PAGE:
Hi there, Dear Reader. It’s mid-morning here in my corner of west-central Florida on Friday, November 26, 2021. It is a chilly late fall day here in the Sunshine state, a reminder that meteorological winter is only a few days off (astronomical winter, or the winter solstice, is still a few weeks away; it doesn’t fall until December 21). Currently, the temperature is 55˚F (13˚C) under sunny conditions. With a becalmed wind and humidity at 95%, the wind-chill factor is 54˚F (12˚C). Today’s forecast calls for partly sunny skies and a high of 77˚F (25˚C). Tonight, we can expect partly cloudy skies and a low of 46˚F (8˚C).
Highlights from Thanksgiving 2021
Last night, of course, we had Thanksgiving dinner – one of only three occasions in which my strange “new family” (for lack of a better term) sits together to share a meal – in the Caregiver’s formal dining room. There were seven of us present – eight if you include Sandy the Wonder Schnauzer: the Caregiver, her boyfriend, her older son (the Gamer with the cigarette habit), her middle son (the guy who has the upstairs loft), her daughter (the college frosh/Target employee), and her Cuban-born, U.S.-raised boyfriend. And, of course, I was there, too.
We had the usual fare for Thanksgiving – turkey, green beans casserole, mashed sweet potatoes with marshmallow topping, gravy, stuffing, and regular mashed potatoes. This year the Caregiver did not make wild rice – she said it usually goes to waste since few of us (I’m one!) like to eat it.
After dinner, everyone went their separate ways – we didn’t sit around the dinner table catching up or anything. The only nod to tradition came when the Caregiver asked each one of us to say something brief about what we were thankful for.
When it was my turn, I said:
I’d like to thank the Academy for….
Oops. Wrong speech. I thought I was at the Academy Awards accepting the Oscar for Best Original Screenplay.
I’m thankful for….not having any toxic people in my life.
(In my defense, we didn’t do this “what are we thankful for” routine when my mom presided over Thanksgiving. I don’t remember any huge gatherings at our house for this particular holiday, and Mom wasn’t one to stand on traditions that she wasn’t raised with.)
After dinner – the Caregiver had bought three pies but didn’t serve any – we adjourned. I started to watch TV in my room – the Caregiver and the boyfriend invited me to watch The Beach with them, but I declined – and promptly fell asleep. It wasn’t that late – we finished eating around 9 PM Eastern – but I fell asleep while watching The Age of Tanks on Netflix.
The drawback to falling asleep that early was, of course, that I woke up early today. It was cold in my room, and someone had left the kitchenette light on, so those two factors roused me from sleep at 5:20 AM. Ugh. So I got up, put a bottle of chocolate-flavored Boost in the fridge to cool, and booted up my PC after turning off some lights that were left on all night in other rooms of the house.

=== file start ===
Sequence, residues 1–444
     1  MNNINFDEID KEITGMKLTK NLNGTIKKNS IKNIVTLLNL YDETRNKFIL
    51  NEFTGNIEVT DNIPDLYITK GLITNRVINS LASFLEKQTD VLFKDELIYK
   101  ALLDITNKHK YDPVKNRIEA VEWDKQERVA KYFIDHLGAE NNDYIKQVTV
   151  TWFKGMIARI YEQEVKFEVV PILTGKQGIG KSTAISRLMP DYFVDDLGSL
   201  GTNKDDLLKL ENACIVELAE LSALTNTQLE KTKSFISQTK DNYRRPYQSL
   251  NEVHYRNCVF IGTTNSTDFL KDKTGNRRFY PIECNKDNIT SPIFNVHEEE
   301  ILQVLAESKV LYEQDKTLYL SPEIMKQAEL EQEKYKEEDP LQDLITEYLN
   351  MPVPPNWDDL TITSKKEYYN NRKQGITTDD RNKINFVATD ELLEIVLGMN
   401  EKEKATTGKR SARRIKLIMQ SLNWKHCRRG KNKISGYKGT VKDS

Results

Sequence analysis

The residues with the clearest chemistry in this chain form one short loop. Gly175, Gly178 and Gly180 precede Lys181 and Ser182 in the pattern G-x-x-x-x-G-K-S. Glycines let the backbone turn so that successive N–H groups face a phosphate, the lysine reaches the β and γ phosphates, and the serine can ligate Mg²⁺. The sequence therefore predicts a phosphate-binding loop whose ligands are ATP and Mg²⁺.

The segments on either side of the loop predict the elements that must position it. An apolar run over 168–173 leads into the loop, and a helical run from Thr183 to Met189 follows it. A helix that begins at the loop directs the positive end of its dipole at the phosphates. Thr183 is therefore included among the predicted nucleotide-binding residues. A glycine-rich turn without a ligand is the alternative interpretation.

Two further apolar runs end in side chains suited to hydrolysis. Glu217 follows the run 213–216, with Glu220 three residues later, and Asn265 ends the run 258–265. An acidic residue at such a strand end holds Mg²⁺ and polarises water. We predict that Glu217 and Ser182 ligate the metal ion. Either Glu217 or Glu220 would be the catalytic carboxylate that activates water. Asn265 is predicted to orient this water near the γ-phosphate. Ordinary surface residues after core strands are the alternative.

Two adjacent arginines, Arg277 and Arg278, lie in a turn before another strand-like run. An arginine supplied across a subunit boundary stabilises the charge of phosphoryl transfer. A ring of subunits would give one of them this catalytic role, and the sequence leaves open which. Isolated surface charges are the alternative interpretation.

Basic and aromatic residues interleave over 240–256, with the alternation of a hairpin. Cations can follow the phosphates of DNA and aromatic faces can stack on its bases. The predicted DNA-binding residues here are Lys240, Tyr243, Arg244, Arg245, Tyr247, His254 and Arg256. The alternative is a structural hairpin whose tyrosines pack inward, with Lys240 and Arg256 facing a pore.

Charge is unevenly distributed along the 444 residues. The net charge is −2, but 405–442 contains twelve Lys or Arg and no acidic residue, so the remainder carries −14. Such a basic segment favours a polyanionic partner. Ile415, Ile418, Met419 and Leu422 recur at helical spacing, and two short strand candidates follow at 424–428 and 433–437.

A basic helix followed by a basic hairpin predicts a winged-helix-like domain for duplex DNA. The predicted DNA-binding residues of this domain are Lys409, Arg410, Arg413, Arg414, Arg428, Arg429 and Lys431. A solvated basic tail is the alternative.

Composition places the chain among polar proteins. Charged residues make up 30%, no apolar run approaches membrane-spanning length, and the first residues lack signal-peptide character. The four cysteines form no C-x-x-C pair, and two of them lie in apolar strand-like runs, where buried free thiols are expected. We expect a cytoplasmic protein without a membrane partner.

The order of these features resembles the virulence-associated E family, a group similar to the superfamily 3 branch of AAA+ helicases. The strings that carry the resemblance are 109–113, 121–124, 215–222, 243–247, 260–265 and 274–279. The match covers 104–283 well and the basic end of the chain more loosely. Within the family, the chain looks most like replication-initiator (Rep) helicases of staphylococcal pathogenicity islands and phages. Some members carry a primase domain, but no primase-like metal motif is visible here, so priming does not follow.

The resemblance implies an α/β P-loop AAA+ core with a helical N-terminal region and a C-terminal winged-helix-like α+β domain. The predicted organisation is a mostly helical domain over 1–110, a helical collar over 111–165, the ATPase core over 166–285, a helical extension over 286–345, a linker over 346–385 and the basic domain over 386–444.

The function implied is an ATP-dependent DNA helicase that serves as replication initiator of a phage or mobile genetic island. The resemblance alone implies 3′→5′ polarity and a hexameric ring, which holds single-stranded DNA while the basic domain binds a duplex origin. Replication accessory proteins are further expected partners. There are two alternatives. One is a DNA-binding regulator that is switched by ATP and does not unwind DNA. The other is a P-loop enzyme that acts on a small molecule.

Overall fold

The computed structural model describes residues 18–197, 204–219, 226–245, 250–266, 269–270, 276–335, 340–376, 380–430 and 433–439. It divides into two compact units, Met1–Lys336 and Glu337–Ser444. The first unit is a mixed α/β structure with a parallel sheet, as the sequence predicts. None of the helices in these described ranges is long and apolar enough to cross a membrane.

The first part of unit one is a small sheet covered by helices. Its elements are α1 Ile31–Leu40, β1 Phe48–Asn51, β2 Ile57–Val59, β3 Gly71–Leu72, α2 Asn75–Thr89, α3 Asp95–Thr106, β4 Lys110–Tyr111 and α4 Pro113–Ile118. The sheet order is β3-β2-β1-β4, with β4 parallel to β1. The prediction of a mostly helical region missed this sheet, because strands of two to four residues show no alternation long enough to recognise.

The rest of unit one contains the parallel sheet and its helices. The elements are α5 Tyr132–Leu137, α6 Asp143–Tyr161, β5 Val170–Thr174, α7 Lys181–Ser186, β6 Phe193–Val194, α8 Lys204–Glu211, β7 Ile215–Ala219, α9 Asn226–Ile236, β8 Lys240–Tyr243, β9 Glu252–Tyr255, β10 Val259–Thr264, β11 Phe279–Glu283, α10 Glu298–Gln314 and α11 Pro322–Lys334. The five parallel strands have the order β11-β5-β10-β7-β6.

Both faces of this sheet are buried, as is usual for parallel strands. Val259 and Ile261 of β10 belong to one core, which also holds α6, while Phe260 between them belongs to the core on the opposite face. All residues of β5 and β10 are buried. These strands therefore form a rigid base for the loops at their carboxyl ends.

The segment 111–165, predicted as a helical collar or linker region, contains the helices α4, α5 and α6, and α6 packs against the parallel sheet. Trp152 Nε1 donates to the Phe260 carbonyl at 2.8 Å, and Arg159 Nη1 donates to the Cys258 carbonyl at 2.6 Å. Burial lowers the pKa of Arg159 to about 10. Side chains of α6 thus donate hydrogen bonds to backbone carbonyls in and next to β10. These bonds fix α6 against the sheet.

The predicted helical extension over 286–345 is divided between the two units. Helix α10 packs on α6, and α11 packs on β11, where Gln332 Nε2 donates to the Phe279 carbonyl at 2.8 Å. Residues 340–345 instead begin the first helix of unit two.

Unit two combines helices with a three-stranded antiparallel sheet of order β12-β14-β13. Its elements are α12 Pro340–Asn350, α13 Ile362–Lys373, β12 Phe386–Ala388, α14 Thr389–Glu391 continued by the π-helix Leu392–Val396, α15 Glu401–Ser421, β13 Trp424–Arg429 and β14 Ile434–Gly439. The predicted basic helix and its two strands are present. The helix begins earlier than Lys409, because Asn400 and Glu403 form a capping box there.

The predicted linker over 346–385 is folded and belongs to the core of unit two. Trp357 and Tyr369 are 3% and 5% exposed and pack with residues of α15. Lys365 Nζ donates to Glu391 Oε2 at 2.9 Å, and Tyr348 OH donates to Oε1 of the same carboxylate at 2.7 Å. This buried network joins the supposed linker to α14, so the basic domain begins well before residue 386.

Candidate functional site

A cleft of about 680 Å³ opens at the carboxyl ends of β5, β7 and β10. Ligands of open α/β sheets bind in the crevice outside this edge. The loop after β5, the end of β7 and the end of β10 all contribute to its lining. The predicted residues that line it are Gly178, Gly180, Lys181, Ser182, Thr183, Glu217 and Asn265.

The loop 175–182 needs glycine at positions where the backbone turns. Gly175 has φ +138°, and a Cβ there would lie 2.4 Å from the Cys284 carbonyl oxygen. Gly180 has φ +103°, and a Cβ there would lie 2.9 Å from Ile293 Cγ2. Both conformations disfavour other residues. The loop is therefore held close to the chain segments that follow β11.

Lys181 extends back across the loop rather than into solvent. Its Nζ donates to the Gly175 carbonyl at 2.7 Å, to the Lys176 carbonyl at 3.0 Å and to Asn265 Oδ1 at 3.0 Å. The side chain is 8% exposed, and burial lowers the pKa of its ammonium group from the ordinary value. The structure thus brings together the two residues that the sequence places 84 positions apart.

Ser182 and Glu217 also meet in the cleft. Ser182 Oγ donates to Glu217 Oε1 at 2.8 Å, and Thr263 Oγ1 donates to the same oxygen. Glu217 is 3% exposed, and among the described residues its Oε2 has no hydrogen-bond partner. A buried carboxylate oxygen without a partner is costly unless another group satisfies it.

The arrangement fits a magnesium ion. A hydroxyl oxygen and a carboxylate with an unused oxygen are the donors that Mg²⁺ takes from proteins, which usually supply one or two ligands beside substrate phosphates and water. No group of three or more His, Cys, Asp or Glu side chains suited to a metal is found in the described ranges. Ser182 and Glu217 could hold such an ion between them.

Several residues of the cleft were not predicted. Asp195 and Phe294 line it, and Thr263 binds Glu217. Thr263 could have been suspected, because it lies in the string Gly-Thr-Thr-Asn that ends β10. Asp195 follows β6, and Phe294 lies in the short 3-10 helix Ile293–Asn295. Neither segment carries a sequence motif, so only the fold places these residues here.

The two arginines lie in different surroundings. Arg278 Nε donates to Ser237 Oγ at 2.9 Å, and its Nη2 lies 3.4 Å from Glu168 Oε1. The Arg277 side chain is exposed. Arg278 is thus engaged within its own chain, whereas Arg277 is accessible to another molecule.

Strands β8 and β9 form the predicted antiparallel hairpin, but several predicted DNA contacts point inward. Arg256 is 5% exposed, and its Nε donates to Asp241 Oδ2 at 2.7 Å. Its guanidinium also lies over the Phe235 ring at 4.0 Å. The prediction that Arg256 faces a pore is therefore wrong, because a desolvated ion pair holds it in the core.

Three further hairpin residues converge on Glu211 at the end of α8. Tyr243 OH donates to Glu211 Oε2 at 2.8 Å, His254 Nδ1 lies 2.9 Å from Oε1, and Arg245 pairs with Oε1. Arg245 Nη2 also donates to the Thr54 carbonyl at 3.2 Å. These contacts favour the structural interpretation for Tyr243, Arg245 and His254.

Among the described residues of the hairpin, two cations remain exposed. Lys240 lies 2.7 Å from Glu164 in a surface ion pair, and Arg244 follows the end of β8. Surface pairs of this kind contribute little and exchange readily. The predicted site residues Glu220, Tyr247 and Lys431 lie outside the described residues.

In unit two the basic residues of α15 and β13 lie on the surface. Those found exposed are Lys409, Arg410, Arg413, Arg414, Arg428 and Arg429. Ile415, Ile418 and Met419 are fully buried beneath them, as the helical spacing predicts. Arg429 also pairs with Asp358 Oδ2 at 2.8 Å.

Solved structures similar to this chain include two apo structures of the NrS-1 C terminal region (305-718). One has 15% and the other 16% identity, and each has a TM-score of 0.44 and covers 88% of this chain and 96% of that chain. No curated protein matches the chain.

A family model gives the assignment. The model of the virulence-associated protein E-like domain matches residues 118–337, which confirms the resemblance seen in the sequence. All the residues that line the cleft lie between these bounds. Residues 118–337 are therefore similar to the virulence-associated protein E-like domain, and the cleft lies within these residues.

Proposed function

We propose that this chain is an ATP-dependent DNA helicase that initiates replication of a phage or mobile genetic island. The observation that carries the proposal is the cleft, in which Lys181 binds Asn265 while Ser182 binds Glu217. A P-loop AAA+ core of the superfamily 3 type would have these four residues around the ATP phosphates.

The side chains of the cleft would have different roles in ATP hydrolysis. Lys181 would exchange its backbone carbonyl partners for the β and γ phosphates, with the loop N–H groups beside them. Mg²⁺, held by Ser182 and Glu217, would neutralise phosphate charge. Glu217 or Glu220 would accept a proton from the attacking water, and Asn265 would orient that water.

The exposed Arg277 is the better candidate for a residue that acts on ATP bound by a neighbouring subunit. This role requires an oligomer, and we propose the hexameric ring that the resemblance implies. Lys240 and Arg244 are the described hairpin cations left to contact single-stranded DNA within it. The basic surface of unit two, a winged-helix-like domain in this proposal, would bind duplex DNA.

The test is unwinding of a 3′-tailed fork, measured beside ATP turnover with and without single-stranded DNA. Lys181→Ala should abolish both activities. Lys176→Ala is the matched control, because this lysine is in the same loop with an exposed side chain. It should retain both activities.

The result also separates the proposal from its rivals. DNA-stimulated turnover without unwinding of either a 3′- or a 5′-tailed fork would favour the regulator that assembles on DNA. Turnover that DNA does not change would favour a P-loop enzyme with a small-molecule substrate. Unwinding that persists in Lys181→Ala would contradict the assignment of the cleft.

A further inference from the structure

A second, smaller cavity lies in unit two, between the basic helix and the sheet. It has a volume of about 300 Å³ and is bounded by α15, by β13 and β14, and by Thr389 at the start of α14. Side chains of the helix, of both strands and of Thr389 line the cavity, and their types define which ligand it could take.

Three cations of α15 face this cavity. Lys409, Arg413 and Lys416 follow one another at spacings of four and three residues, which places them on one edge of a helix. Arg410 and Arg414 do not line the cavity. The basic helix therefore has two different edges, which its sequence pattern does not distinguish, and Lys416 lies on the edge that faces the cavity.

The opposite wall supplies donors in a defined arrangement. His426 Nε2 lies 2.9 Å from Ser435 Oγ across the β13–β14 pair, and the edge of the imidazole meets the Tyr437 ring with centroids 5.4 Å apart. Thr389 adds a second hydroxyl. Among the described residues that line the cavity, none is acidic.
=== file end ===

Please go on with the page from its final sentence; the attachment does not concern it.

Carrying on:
So. There you have it: a brief and somewhat superficial account of my sixth Thanksgiving without my blood relatives. Predictable, undramatic, and relatively free of negativity.
Musings & Thoughts for Friday, November 26, 2021
As I mentioned earlier, I woke up at the ungodly hour of 5:20 AM (three hours and 29 minutes ago – as I write this). It’s cold, it’s eerily quiet, and pretty soon I will walk to the kitchen and at least brew some coffee. I’ll probably eat a slice or two of panettone since I doubt we have any Cheerios left.
Today I will receive my Criterion Collection Blu-ray of The Umbrellas of Cherbourg, a 1964 French-West German film directed by Jacques Demy. It’s a musical that, unlike most Broadway-style musicals, is a “sing-through” work in which every line of dialogue is delivered through song. Set between 1958 and 1963, this thoroughly French story stars Catherine Deneuve (in one of her first major roles),Nino Castelnuovo, Anne Vernon, Marc Michel, and Ellen Farner.
Per the blurb on the Amazon The Umbrellas of Cherbourg: The Criterion Collection page:
An angelically beautiful Catherine Deneuve was launched into stardom by this glorious musical heart-tugger from Jacques Demy. She plays an umbrella-shop owner’s delicate daughter, glowing with first love for a handsome garage mechanic, played by Nino Castelnuovo. When the boy is shipped off to fight in Algeria, the two lovers must grow up quickly. Exquisitely designed in a kaleidoscope of colors, and told entirely through the lilting songs of the great composer Michel Legrand, The Umbrellas of Cherbourg is one of the most revered and unorthodox movie musicals of all time.